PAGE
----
Luckily, there are opportunities for experiences like this — at least a little like this — available in California today. Every fall, thousands of Vaux’s swifts migrating south along the West Coast stop over in L.A. for a few nights. Some years, huge flocks have roosted in abandoned chimneys in downtown L.A. (Making sure there are always chimneys for the swifts might be a good application of biophilic design principles.) On the coast in the spring and summer, thousands of six-inch silver fish — grunion — wriggle out of the water in the moonlight to spawn. After wet winters, superblooms drench the desert in color. Santa Monica Bay is home to a booming shark population — although it may be best not to go see that example in person.
And butterflies. One of the most remarkable instances of bioabundance I’ve experienced was at the Pismo Beach monarch grove in November 2017. Monarchs spend their winters here and at other points on the coast to rest. In the gray light of an overcast fall day, they can be hard to see among the leaves of the trees. Until you lean in close, or a gust of wind blows through the grove, and you realize all those shaking leaves are the monarchs, and suddenly the whole grove is shimmering black and orange around you. The monarchs cover the trees and hang from them in long, fluttering strands. There can be hundreds of thousands at once; it’s like being surrounded by the species itself.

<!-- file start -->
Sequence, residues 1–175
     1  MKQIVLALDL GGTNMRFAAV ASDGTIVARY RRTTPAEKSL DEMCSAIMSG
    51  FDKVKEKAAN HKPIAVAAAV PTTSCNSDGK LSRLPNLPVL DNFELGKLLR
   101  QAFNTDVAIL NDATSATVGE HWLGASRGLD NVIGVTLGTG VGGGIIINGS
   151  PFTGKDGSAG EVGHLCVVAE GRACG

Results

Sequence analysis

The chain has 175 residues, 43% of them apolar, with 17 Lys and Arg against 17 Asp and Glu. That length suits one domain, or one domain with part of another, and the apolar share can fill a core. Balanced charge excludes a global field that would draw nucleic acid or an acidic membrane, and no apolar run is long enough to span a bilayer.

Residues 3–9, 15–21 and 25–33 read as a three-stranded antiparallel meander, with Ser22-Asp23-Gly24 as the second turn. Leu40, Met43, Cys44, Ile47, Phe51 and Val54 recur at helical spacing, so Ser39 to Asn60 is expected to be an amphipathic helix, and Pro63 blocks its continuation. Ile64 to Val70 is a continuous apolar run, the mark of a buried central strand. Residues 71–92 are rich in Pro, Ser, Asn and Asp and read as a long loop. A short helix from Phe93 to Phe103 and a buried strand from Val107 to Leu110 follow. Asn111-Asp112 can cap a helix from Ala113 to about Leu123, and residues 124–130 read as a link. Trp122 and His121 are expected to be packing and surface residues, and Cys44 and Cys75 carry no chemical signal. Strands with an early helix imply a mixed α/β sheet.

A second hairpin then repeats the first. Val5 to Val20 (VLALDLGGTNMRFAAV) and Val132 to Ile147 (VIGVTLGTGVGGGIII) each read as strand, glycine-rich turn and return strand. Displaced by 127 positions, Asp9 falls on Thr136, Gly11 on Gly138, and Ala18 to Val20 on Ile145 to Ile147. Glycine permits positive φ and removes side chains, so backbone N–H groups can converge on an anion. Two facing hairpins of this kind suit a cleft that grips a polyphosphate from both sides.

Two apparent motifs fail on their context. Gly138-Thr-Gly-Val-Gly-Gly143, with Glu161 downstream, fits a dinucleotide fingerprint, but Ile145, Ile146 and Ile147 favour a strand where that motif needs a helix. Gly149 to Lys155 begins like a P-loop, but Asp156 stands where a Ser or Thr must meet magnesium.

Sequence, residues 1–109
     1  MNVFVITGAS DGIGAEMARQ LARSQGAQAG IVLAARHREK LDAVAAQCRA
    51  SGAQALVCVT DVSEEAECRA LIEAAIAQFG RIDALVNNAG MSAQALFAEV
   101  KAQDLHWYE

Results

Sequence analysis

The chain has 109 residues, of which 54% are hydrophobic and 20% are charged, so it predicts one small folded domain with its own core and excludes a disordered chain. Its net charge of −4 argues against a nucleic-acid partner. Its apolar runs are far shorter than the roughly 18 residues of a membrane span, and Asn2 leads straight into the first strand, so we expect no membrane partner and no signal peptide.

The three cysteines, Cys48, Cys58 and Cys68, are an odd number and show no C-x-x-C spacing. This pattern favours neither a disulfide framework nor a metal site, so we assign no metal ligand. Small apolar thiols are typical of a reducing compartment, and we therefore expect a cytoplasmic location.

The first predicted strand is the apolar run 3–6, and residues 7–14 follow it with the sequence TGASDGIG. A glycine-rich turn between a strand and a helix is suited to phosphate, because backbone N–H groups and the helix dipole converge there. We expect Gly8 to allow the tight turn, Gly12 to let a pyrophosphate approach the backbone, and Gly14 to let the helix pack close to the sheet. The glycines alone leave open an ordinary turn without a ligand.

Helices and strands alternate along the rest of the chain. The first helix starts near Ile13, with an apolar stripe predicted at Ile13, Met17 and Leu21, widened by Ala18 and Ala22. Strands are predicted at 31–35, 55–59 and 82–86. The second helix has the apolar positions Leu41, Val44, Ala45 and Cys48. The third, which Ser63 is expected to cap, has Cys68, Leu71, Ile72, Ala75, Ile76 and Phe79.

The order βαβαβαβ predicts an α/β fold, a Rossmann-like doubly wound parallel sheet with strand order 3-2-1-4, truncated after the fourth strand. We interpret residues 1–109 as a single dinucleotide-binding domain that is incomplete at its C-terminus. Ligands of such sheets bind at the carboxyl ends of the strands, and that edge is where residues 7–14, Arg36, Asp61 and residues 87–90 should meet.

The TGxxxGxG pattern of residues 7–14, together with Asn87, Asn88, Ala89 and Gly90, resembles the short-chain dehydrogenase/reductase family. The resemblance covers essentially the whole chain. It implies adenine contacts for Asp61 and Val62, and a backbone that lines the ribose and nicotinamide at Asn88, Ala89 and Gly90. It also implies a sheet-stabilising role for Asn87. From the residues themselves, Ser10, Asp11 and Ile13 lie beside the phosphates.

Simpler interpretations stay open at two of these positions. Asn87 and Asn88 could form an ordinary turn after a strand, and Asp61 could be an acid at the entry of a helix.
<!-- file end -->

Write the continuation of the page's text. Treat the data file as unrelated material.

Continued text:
But local abundance does not always indicate a healthy species — monarch populations have declined 90 percent in the last 20 years, due to the destruction of milkweeds, the only plant the monarch caterpillars feed on.
The importance of bioabundance should direct our attention to the sturdy but sometimes ailing creatures that surround us — for example, to the fact that the number of trees in parts of L.A.’s urban forest has declined by more than half in the past 10 years, thanks to the ever-increasing construction of ever-larger houses. It takes effort to sustain these populations. If you’d like to help the monarchs, for example, you can create a mini migratory stopping point in your yard by planting milkweed. More broadly, essays in this series explore choices that we could make to make Los Angeles a friendlier place for bioabundance. I think these efforts are clearly worth it. The plankton and the bees sustain us. The butterflies and the parrots offer the chance to give ourselves over to the nonhuman world for moment. Our lives would be poorer without theirs.
California history, much like that of America’s, rests on the noblest of deeds, the most nefarious of acts and a sea of grey in between, all driven by the very dreams that fuel boom and bust cycles.
For decades, visitors to Yosemite witnessed the Firefall, a shimmering curtain of glowing embers and hot coals cascading to the valley floor. The tradition highlights the competition that existed between the state’s earliest entrepreneurs.
The optimistic essence of the California's golden dream endures — as it should — but the future of the state depends on Californians dreaming differently.
Veteran filmmaker and educator Marco Williams breaks down the merits of attending film school for it's community, resources, and ability to educate emerging filmmakers in ways they'd be unable to be educated simply by striking out on their own.
- 1 of 27
- next ›